The high price of free speech


By Olivia Booth, Staff Writer

The University of California-Berkeley, designated Sept. 24-27 as “Free Speech Week,” bringing focus to an issue that has generated controversy and violence at colleges around the country this year.

After Berkeley’s cancellation of a Feb. 2017 speech by alt-right political commentator Milo Yiannopoulos, President Donald Trump tweeted, “If U.C. Berkeley does not allow free speech and practices violence on innocent people with a different point of view – NO FEDERAL FUNDS?”

But can the federal government really take action against colleges for free speech issues on campus?

According to Mason professor Jennifer Victor, “the Supreme Court allows government to restrict speech that may be violence inducing, or ‘fighting words,’ which can be a bit vague.”

“The balance between liberty and security is delicate and often changes based on circumstances and perceived threats,” Victor continued. “The Supreme Court tends to err on the side of freedom, but then again security is not a part of their job.”

As of now, Mason has a green light rating from the Foundation for Individual Rights in Education (FIRE). According to FIRE’s website, “‘Green light’ institutions are those colleges and universities whose policies nominally protect free speech.”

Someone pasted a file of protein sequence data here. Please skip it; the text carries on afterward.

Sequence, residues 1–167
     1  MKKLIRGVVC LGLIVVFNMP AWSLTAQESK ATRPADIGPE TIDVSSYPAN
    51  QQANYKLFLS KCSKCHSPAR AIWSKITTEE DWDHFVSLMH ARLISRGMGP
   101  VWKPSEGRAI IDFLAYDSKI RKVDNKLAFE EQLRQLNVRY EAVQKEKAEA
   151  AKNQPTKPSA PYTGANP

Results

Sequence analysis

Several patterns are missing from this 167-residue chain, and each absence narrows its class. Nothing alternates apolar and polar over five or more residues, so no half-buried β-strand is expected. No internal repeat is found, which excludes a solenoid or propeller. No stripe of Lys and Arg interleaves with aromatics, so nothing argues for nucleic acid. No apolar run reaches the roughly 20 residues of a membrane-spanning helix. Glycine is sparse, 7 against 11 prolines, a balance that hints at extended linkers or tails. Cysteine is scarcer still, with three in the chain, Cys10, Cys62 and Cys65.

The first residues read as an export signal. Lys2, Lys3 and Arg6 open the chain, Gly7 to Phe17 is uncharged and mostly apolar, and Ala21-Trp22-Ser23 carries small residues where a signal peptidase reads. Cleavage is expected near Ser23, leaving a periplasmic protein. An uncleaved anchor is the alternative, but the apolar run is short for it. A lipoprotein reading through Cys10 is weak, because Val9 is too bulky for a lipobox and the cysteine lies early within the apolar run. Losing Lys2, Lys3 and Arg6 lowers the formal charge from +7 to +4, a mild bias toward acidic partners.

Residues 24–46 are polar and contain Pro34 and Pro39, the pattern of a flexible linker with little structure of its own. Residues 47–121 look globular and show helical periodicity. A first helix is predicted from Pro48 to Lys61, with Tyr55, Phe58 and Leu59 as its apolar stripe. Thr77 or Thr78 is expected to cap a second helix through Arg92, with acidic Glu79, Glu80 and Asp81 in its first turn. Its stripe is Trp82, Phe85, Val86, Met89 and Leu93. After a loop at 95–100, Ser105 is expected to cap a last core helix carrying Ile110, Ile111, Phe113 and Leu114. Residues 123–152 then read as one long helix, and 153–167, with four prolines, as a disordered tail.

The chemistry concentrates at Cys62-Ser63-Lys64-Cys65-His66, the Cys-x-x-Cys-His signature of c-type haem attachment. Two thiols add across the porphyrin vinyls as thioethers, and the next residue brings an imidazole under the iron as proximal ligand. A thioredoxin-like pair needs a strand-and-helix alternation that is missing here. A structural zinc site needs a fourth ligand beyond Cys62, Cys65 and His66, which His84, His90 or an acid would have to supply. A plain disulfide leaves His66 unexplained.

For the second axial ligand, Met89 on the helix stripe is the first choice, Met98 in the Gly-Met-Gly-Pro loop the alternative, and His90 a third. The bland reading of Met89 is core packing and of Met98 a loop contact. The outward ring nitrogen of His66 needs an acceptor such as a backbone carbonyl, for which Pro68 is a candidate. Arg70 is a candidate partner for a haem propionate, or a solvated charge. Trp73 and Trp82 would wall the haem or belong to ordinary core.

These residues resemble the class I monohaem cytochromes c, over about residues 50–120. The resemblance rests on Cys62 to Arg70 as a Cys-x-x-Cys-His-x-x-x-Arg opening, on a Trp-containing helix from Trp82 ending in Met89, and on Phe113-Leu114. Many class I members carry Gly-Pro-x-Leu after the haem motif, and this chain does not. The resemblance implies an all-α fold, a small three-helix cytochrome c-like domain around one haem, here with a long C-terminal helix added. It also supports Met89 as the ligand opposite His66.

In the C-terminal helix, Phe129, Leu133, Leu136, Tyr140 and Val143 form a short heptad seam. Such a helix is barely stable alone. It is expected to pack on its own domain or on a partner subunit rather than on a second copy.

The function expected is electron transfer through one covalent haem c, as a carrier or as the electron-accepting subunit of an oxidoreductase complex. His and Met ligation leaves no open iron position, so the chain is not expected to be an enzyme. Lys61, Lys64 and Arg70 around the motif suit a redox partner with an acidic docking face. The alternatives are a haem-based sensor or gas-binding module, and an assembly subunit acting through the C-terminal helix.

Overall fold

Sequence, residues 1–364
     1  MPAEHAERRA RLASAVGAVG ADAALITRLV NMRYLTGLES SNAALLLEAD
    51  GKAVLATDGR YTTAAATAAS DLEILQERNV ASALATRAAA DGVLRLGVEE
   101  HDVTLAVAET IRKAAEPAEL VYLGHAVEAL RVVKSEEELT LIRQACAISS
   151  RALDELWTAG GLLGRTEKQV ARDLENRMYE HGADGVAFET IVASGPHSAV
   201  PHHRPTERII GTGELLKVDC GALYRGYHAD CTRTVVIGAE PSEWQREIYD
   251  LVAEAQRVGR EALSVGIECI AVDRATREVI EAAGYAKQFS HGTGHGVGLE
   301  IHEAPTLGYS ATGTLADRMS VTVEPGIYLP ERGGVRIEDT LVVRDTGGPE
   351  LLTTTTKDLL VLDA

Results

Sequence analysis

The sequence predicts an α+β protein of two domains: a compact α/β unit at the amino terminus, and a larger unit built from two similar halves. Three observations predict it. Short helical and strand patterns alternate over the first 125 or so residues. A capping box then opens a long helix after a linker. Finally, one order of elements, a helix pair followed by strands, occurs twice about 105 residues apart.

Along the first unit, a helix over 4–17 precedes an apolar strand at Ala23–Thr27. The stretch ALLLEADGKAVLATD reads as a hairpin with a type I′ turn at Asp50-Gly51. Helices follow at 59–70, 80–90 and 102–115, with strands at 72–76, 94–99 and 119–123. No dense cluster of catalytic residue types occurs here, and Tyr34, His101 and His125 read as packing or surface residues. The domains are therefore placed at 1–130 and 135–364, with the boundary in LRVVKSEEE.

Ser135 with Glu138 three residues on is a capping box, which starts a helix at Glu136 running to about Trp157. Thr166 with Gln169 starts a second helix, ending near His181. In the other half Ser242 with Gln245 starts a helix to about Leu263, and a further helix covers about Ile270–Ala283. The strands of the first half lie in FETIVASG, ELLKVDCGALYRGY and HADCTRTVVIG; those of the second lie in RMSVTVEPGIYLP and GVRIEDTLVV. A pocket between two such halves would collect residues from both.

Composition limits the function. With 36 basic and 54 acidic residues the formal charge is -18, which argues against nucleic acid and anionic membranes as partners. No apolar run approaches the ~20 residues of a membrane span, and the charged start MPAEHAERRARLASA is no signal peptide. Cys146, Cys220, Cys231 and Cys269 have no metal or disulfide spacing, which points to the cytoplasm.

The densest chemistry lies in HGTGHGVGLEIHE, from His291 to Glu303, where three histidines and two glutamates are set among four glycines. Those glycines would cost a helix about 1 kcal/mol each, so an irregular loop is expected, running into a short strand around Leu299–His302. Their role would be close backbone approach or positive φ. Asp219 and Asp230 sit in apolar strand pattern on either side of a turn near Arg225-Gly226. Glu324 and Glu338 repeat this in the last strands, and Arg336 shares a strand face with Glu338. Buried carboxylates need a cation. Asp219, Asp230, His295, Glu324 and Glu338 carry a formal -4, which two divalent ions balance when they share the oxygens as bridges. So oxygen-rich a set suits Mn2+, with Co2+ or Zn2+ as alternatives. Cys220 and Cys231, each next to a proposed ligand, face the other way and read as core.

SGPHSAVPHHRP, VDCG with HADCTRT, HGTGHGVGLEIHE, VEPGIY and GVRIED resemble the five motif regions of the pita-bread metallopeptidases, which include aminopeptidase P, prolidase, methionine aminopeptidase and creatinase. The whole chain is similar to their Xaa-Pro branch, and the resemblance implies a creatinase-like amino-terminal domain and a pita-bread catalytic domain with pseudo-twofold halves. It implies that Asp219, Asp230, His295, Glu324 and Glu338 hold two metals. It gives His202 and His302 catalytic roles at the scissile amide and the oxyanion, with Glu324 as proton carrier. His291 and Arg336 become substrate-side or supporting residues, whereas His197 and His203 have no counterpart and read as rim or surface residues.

Mason students’ views on freedom of speech differ.

Andrew Millin, the Chief-of-Staff for George Mason Democrats, argues that “in instances where speech can incite immediate violence, it is vital to stop it. After all, freedom of speech does not mean you cannot face consequences for that speech.”

Millin also suggests that students should still learn about different worldviews and be able to challenge such views, but in a setting where they are guaranteed safety such as classrooms.

Others believe that schools should celebrate, not condemn, all expression of ideas.

I find it particularly dangerous for schools and colleges to curtail free speech, as the purpose of education is to hear multiple ideas and allow the student to come to their own decision,” said John Kielbowicz, the secretary of George Mason College Republicans.  “College should be a marketplace of ideas, not an echo chamber of one viewpoint.”

The balance between of liberty and security is a complicated issue, and one that will likely remain in the tension between protecting our rights and protecting our citizens from harm.

Virginia House Bill 1401, passed earlier this year, “prohibits public institutions of higher education from abridging the constitutional freedom of any individual […] to speak on campus, except as otherwise permitted by the First Amendment to the United States Constitution.”

Photo Courtesy of Mason Creative Services